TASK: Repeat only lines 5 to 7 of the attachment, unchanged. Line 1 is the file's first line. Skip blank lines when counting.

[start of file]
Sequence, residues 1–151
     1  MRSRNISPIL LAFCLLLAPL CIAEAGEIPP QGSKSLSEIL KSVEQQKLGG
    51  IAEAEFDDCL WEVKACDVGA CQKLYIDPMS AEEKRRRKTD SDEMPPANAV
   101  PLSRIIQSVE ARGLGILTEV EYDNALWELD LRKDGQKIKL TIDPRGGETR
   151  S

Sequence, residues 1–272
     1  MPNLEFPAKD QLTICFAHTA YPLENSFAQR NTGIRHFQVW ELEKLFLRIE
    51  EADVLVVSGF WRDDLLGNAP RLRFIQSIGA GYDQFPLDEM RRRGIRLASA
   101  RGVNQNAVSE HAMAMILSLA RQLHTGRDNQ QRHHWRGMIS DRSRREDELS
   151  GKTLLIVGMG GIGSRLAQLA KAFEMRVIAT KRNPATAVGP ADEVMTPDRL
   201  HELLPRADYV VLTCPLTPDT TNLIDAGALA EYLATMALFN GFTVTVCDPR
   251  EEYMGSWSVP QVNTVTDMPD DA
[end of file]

   151  S

Sequence, residues 1–272
     1  MPNLEFPAKD QLTICFAHTA YPLENSFAQR NTGIRHFQVW ELEKLFLRIE